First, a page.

How flash mob flashback hurts us all | Editorial

The Philadelphia skyline seen from the South Street Bridge over the Schuylkill River September 26, 2017 includes the still-under-construction Comcast Technology Center and Comcast Center; One and Two Liberty Place; the FMC Tower and Cira Centre South and the Boardwalk section of the Schuylkill River Trail. TOM GRALISH / Staff Photographer

 

News that a mob of over 100 teenagers swarmed through Center City, injured a couple, and scuffled with police last weekend sent up a collective gasp of “Oh, no, not again!”

The bad behavior injured the public sense of civility that Philadelphia has worked so hard to nurture since a rough period between 2009 and 2011, during which teenagers rampaged through city neighborhoods. It struck a nerve because Center City belongs to the entire Philadelphia region. It is where a diverse array of people, young and old, black and white, Muslim and Christian, gather and mostly behave themselves.

They share Center City so well, they inspired one of the nation’s leading sociologists, Elijah Anderson, to write The Cosmopolitan Canopy, Race and Civility in Everyday Life. Anderson explained in a recent meeting with the Inquirer and Daily News Editorial Boards that he studied Philadelphia’s Rittenhouse Square to its Reading Terminal Market to point out the complexities of race relations and how these public settings can bring out the best characteristics of a civil society. But the kids probably didn’t read Anderson.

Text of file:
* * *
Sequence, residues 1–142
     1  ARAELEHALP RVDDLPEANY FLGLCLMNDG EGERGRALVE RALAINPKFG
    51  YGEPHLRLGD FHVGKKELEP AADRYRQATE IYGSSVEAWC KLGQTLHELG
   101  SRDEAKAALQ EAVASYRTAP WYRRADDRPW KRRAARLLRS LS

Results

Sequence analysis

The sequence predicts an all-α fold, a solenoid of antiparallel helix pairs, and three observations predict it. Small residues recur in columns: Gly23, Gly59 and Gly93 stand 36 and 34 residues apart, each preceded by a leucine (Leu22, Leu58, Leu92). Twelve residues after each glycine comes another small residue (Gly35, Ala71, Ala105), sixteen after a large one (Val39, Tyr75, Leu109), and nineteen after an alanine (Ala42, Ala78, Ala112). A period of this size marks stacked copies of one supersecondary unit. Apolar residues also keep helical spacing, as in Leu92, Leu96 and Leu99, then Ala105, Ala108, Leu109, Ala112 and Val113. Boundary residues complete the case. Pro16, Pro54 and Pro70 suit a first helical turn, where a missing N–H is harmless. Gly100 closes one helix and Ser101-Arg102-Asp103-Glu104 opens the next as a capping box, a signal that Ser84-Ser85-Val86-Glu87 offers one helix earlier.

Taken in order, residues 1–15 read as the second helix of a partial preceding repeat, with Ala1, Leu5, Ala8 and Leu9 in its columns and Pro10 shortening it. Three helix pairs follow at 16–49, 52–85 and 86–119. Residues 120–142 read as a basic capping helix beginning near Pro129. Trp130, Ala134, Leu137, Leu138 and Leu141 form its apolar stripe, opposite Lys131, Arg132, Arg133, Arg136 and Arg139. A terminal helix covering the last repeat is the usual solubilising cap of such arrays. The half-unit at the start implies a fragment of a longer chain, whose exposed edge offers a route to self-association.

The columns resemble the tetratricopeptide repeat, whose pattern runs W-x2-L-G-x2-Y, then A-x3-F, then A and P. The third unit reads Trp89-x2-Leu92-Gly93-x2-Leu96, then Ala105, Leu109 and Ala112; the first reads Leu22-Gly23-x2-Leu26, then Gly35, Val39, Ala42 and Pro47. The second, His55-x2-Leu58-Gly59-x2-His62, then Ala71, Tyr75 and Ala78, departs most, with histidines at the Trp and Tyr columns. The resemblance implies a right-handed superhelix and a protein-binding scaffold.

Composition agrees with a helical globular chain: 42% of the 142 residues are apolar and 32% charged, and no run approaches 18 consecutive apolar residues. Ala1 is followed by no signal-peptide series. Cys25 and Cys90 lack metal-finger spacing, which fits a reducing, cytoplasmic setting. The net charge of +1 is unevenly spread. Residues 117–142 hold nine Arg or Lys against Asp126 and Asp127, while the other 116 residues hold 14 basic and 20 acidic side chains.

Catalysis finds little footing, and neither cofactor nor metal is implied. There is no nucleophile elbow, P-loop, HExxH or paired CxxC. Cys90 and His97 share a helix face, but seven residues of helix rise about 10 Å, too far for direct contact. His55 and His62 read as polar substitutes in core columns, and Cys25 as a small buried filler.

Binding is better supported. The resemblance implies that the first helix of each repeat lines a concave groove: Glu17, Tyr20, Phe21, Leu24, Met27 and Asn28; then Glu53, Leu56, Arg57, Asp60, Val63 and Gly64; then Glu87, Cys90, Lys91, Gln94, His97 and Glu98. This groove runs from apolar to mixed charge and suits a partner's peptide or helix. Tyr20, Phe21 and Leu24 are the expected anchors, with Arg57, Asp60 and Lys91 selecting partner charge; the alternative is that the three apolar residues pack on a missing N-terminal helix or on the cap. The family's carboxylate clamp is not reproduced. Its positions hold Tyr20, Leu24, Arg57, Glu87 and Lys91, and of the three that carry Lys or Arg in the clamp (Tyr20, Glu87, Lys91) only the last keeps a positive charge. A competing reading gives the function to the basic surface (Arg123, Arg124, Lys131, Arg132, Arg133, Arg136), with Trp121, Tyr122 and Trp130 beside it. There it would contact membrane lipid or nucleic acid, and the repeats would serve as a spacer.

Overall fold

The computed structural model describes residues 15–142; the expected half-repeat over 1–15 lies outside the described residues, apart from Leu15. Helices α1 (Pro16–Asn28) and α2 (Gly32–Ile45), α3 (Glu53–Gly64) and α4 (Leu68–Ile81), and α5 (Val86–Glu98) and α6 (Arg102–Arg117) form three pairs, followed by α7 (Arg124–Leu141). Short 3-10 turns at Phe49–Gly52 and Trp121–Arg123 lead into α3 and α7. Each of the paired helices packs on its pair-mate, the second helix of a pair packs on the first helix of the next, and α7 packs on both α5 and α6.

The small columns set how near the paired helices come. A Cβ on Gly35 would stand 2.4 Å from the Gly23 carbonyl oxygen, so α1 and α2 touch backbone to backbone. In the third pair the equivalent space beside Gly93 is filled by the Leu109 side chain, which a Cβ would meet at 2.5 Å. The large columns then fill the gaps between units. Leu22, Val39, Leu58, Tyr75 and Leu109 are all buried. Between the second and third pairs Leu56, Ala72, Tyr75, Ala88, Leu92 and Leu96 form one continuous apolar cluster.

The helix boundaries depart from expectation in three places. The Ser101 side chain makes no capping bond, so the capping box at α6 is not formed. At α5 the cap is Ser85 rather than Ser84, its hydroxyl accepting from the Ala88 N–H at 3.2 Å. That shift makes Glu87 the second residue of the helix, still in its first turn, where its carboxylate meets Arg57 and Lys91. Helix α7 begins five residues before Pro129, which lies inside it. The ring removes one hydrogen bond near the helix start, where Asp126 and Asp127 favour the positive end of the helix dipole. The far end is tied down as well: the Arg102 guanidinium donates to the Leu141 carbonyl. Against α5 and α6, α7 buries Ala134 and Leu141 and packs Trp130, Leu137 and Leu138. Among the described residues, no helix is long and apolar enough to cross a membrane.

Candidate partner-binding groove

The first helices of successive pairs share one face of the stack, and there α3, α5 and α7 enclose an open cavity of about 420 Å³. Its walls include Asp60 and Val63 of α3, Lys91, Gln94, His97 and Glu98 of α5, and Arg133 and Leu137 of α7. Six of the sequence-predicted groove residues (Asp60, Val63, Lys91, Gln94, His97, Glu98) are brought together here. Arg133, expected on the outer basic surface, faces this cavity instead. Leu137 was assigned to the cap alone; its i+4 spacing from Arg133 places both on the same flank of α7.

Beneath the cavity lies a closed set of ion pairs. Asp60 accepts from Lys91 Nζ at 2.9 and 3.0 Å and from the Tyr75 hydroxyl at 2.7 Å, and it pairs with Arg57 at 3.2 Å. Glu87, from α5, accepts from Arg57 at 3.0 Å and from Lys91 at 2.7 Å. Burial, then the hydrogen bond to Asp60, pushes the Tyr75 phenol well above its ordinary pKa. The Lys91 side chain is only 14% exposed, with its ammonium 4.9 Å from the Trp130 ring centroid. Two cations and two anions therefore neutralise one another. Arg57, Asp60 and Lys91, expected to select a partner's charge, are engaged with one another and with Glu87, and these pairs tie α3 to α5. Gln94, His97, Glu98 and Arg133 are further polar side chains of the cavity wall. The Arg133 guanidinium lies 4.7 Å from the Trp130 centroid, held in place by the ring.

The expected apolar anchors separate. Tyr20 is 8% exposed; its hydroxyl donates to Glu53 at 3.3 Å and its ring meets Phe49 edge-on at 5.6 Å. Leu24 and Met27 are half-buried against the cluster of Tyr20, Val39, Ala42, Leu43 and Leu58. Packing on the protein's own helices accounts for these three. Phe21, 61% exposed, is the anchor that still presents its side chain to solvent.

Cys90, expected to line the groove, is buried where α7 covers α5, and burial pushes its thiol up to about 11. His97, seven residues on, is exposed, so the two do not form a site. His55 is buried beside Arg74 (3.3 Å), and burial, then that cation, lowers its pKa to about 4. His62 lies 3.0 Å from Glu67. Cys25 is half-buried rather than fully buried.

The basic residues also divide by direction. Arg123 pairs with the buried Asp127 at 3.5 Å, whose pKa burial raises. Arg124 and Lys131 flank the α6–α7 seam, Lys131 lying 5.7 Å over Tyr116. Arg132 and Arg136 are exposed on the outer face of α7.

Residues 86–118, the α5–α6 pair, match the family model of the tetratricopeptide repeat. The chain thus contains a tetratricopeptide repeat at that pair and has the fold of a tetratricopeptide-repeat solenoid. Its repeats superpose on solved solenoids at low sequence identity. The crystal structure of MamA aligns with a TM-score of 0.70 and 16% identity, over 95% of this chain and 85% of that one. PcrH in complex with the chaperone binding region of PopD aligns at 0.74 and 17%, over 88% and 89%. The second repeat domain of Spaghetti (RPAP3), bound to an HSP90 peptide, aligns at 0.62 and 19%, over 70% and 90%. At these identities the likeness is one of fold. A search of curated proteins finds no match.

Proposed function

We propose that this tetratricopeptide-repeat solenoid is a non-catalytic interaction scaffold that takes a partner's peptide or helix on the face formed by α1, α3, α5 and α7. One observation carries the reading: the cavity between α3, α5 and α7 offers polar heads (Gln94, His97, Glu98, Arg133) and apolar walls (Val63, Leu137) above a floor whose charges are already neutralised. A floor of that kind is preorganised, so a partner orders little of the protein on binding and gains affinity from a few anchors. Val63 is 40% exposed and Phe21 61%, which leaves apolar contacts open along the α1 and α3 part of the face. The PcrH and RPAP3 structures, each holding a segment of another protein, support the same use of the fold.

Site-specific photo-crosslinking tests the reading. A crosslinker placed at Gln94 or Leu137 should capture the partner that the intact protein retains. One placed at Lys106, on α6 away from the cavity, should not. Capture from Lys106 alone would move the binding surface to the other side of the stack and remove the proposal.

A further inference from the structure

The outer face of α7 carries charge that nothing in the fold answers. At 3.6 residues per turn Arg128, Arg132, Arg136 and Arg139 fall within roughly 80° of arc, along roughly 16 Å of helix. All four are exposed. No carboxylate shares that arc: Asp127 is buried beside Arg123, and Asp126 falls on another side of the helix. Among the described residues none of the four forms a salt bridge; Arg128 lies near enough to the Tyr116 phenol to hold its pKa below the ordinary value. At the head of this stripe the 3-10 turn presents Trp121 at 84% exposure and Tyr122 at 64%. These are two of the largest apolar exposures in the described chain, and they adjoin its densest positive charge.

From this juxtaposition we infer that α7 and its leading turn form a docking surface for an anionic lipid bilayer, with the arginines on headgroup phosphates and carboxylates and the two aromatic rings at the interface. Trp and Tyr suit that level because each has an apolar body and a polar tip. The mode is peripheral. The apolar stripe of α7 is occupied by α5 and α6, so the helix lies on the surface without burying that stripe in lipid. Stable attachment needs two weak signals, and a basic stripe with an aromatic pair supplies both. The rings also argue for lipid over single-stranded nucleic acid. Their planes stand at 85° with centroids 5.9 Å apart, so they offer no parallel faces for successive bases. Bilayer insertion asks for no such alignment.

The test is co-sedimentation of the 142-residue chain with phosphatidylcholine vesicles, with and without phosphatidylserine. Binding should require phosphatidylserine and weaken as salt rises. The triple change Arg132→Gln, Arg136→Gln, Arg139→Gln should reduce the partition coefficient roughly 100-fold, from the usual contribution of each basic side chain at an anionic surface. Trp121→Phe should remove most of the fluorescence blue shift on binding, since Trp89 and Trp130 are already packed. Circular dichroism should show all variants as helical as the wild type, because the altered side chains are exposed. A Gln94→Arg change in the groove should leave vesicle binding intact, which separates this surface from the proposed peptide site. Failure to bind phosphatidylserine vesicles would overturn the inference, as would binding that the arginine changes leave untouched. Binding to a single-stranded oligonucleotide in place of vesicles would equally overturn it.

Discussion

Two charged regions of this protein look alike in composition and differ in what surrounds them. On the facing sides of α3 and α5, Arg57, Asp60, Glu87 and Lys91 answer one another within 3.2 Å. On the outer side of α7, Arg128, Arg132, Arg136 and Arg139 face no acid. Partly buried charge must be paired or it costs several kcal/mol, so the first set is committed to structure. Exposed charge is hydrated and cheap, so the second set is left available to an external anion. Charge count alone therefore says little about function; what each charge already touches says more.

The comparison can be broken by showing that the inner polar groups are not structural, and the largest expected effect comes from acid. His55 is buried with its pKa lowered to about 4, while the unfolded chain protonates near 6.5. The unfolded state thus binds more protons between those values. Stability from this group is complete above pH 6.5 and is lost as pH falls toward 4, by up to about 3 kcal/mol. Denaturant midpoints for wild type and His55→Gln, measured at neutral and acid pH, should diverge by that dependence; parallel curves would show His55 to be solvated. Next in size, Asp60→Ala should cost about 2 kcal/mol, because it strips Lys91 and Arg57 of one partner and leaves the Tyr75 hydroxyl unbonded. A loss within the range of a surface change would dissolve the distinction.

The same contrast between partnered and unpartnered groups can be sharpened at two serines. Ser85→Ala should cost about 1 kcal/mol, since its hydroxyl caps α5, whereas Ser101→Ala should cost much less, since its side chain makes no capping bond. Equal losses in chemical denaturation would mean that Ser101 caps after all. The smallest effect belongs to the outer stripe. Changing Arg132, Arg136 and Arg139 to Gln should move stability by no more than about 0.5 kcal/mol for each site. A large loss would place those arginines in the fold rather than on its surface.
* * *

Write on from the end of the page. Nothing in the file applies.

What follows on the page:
The melee started after a crowd of teenagers left Club Coda, at 17th and Walnut Streets, following an anti-smoking event, according to First Deputy Managing Director Brian Abernathy. Others who had been at the even, spread their mayhem as far as 15th and Market Streets, where a 16-year-old girl allegedly kicked and punched a SEPTA officer who was helping city police break up the crowd. Police arrested the girl, of Juniata Park, and a 14-year-old West Philadelphia boy after police saw him punching a person in the crowd.

Police didn’t know about the Club Coda event or when it was letting out. That’s important, because police keep tabs on where large groups of teenagers gather and increase their presence to prevent trouble.

Similar intelligence-based police tactics are among the lessons from the flash mobs of a few years ago, which knocked the city on its heels. Back then, packs tore down sidewalks from Center City to Old City, knocking over, punching and kicking pedestrians. In reaction, City Council passed a temporary curfew. Former Mayor Michael Nutter famously took to the pulpit at Mount Carmel Baptist Church and admonished parents to get more involved in their children’s lives.

Police stepped up their surveillance of social media, which troublemakers used to organize crowds. And, city police began an online registry of private security cameras so they could more quickly apprehend suspects. SEPTA, too, has cameras on its passengers and properties. Those systems worked well — until Saturday night.

Mayor Kenney promises increased police presences in the city for the foreseeable future. That’s good. But underneath the street fights is a troubling question arising from the nature of children. They often react to something wrong in their worlds without fully understanding what they are doing. Pinpointing their underlying fears, anger and frustrations and addressing them can protect all of us and our sense of civility.

To make Saturday night’s bad behavior an isolated event, the city should take it as a reminder that vigilance is essential to keep the peace.